Use your phone to slay stormtroopers in Google’s new lightsaber game

It’s also a great—and slightly creepy—advertisement for trying Chrome.


Aja Romano


Do you have what it takes to be a Jedi? Google thinks so.

Tomorrow is finally Star Wars release day (technically the movie is out the 18th, but we know you’ll be at a Thursday night showing) and that means corporations are going all-out in their last-minute The Force Awakens tie-ins.

Google has a distinct advantage over many of them, and it’s gone all out to prove it with today’s interactive lightsaber game. It uses Chrome to communicate with your phone’s accelerator to put you in the center of a harrowing Jedi mission.

To complete your mission, you need to have your phone and your computer browser handy at the same time. Visit the Google Lightsaber website on your phone first, where, you’re given a unique url for your laptop or desktop Chrome browser. Once you’ve entered this url, you’ll be prompted to “calibrate” your weapon. 

Then, press the button on your phone when prompted, and voila, you have a shiny new lightsaber:

Aja Romano

The game works by allowing your Chrome browser to track the movements of your phone. It then translates them into lightsaber swings, which takes a bit to get used to but turns out to be pretty cool. As you use your phone to maneuver your sword, the browser takes you inside a stormtrooper holding facility. Your challenge is to get past an increasingly difficult range of stormtroopers in order to escape.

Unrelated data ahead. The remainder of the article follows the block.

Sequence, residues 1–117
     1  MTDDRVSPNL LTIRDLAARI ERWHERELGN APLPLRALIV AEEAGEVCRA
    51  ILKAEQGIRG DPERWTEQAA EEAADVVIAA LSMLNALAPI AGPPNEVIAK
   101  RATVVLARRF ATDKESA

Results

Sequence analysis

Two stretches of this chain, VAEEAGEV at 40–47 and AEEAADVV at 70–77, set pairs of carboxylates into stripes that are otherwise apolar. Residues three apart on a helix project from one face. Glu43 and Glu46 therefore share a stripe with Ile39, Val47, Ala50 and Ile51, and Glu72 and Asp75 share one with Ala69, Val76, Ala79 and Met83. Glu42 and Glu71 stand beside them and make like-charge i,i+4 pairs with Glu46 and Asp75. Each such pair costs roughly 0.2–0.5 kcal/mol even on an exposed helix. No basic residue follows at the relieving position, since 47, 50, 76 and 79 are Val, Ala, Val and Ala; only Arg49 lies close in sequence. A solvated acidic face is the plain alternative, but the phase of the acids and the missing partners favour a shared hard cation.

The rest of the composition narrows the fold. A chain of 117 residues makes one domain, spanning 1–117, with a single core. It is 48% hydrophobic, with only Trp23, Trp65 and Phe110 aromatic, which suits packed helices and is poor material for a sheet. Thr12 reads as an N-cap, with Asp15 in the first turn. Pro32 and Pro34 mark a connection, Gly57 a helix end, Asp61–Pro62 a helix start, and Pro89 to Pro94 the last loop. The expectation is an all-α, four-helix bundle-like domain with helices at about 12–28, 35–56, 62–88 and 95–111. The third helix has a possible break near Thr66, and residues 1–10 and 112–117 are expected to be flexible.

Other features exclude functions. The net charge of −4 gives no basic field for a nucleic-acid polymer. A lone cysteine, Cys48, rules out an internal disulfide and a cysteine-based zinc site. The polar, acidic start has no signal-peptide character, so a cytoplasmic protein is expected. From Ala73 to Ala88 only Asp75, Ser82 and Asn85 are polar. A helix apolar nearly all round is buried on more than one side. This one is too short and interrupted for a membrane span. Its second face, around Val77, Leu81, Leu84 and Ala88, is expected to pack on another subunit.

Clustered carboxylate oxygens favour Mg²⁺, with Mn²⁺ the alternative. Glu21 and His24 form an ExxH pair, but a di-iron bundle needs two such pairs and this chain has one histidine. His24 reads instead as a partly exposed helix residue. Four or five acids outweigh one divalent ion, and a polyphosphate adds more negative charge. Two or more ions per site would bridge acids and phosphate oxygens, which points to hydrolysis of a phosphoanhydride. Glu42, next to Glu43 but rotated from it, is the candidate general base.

Don’t make my initial mistake and hold your phone too close to your computer. The further back you position your phone, the easier it is for your computer to register your full range of movements. Once I figured this out, taking out stormtroopers got a lot easier.

The final step is a hand-to-hand fight with a stormtrooper, and it might take several tries to master. Fortunately, if you get captured, you don’t have to re-do the whole game—the browser simply returns you to the start of the latest phase. 

The hand-to-hand fighting is a little awkward because of the delay between your hand and the screen; my impulse was to keep flinging my lightsaber hand forward, but I ultimately found it worked better if I held it with two hands—like you might a real lightsaber—and used a more steady up-down motion. 

Aja Romano

Be sure to turn up the sound on your phone to give your lightsaber all those beloved effects, like the familiar sheathing and unsheathing sound and the deep hum that tells you you’re using the Force. Sure, in this case you’re using WebRTC with WebSockets, but we’ll take what we can get, right?

May the Force—and browser load times—be with you!

Screengrab by Aja Romano

The Daily Dot